Arsenal did it.
They made hard work of it, they put their supporters through the mangle and they came perilously close to screwing it up, but they will compete in a 16th consecutive Champions League campaign.
Now they have to change. They cannot continue to put their supporters through this kind of torment, not unless they want to directly contribute to a spike of stress-related illness in north London.
Arsenal’s extraordinary run of late-season form, nine wins and two draws in their last 11 games, is testament to their potential and thus, a brutal indictment of their overall performance. No team capable of picking up 29 points from a possible 33 in the Premier League should be able to moan that they are incapable of keeping up with their rivals. Arsenal have the technical ability, what they lack is the mental strength and courage to make it count.
There is no reason for this football club to be in this position. No, they do not have a ludicrously wealthy benefactor like Chelsea and Manchester City and they do not have the pulsating global brand of Manchester United, but they are hardly paupers hanging onto the coat-tails of their betters. They have an annual wage bill of almost £150m, far in advance of Tottenham’s £90m.
Admittedly they spend just 75% of Manchester City’s total outlay, but they are within £30m of Chelsea and £20m of Manchester United. It is far from an insurmountable gap, especially when you look at the feats achieved by teams lower down the table.
The real problem is between the ears of their key players and is best highlighted with the disparity between their performances against Bayern Munich.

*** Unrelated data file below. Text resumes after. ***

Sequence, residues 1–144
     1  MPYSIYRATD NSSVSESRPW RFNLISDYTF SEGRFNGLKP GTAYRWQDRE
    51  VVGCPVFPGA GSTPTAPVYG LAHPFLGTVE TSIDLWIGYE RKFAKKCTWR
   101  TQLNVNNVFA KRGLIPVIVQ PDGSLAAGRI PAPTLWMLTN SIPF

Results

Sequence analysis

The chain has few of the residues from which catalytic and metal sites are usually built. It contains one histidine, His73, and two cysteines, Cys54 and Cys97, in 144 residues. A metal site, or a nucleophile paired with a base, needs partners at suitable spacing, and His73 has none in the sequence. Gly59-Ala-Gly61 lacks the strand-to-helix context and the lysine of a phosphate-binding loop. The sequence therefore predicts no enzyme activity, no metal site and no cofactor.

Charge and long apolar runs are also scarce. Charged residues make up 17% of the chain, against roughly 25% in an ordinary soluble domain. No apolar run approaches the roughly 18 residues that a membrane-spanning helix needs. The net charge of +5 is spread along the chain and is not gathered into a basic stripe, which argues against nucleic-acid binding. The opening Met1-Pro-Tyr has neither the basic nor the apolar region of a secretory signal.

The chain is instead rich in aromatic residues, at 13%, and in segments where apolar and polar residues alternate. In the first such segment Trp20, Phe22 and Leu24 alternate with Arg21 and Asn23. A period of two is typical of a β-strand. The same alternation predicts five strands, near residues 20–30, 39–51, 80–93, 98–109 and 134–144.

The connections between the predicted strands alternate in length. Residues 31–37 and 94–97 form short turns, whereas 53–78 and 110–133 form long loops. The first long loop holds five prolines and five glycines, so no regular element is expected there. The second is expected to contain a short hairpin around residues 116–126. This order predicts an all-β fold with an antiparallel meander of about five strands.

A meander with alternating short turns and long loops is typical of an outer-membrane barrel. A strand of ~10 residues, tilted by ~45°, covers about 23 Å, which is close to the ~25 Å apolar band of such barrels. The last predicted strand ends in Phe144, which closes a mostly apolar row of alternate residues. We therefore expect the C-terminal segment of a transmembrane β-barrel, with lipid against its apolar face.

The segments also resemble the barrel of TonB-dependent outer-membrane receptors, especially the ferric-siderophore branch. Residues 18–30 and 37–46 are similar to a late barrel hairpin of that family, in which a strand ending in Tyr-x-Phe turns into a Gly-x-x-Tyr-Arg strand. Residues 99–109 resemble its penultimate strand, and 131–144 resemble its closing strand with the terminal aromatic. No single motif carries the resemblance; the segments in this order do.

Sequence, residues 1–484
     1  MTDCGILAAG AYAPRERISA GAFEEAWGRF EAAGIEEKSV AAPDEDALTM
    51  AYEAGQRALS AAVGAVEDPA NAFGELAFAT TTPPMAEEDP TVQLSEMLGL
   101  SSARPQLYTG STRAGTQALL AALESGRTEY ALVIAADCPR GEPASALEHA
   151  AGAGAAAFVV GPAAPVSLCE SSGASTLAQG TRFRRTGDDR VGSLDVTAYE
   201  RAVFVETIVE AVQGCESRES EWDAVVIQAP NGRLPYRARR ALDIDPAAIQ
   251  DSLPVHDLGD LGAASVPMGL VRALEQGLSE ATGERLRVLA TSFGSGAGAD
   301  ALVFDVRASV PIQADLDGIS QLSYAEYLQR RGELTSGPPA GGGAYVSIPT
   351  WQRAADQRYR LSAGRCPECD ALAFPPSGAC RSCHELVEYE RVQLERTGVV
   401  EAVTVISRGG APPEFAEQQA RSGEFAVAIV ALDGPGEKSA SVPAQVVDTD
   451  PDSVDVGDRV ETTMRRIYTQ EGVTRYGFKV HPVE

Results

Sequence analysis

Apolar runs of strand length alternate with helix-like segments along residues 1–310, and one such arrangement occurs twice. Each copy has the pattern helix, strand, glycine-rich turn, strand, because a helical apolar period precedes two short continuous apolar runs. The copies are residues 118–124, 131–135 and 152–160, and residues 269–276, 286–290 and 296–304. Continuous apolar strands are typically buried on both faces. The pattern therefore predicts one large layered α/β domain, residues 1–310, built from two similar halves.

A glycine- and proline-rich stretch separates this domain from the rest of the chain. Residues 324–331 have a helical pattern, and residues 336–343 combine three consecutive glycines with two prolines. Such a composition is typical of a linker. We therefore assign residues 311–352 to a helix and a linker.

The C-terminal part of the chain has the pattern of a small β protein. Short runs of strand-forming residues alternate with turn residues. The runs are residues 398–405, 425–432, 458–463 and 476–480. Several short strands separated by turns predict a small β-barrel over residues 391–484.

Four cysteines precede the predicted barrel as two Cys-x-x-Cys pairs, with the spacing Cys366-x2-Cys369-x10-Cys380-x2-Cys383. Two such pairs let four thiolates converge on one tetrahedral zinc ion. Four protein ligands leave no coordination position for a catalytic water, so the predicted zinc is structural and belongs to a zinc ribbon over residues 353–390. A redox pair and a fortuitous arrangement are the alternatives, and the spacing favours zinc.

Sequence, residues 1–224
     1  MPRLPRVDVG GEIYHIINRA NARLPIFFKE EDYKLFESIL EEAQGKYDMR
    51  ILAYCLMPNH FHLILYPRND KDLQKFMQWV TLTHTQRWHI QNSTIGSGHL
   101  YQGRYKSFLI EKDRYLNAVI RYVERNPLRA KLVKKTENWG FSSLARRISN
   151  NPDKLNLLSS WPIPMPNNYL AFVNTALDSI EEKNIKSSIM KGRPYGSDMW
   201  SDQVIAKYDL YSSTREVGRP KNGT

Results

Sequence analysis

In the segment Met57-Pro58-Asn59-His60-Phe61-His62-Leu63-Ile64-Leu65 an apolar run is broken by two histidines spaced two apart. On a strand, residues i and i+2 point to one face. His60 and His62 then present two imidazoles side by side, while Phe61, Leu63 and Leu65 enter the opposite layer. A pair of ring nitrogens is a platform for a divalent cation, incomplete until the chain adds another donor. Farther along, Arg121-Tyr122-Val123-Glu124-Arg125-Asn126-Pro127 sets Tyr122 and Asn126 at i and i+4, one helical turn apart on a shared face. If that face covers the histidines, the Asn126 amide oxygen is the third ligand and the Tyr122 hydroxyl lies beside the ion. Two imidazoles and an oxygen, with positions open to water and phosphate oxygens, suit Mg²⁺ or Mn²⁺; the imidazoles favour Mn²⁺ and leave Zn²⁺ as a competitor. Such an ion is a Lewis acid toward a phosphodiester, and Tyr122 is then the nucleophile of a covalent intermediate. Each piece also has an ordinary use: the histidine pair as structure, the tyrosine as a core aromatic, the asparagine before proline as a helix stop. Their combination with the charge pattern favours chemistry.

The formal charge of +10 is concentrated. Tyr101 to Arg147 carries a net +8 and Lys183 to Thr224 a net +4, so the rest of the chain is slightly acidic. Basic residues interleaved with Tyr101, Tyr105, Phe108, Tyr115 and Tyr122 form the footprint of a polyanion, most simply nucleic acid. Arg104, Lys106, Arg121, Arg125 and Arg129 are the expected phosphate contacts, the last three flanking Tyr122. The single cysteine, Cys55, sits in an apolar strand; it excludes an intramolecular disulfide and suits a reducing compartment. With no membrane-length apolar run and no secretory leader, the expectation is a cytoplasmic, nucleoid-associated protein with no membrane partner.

In the first leg, in front of their own supporters and under pressure, they wilted. Out in Germany, written off by the pundits, they played Bayern off the park and nearly pulled off the most extraordinary European comeback since Istanbul 2005.
Against Bradford in the League Cup, the prospect of humiliation chilled their blood and became a self-fulfilling prophecy. The sight of Jack Wilshere, exempt from criticism in this regard, gesturing furiously at his static team-mates, will live long in the memory. Time and time again this season, they fell short because they didn’t believe that they could do otherwise. Arsenal’s recovery has been incredible, but it shouldn’t obscure the lessons that need to be learned.
If the existing staff can’t be relied upon to fight for an entire season, then they need to be replaced by those who can. Wenger’s policy of buying younger players that he can work with and improve is admirable, but what he really needs is a bastard or two. He needs the kind of footballer who views defeat as a slur on his character and has no time for aesthetic appeal.
Some Arsenal fans complain that Wenger hasn’t spent enough money, but that’s just not true. Almost £45m was spent this season, over £50m the season before that. The money is being spent, it’s just not always being spent on the right players. The new TV deal and another season with their snout in Uefa’s cash trough should secure another handsome war chest. It needs to go on a vicious central midfielder, a beast to go with the beauty. But this is something that has been said for years.
Wenger’s contract expires next summer. If he leaves, he will be long remembered for the transformative effect he had on Arsenal and the English game. Future historians will credit him, not just with building a side capable of filling the Emirates Stadium, but prudently managing his resources so that the club could afford to pay for it. But if he wants the latter half of his tenure to be remembered as fondly for events on the pitch as it will be for the numbers in the ledger, he needs to push the boat out this summer.
Arsenal did exceptionally well to secure fourth place, but the sight of their fans celebrating, while being entirely understandable, still rankled.
Arsenal should not celebrate fourth place. They are better than that. Next season, they have to prove it.
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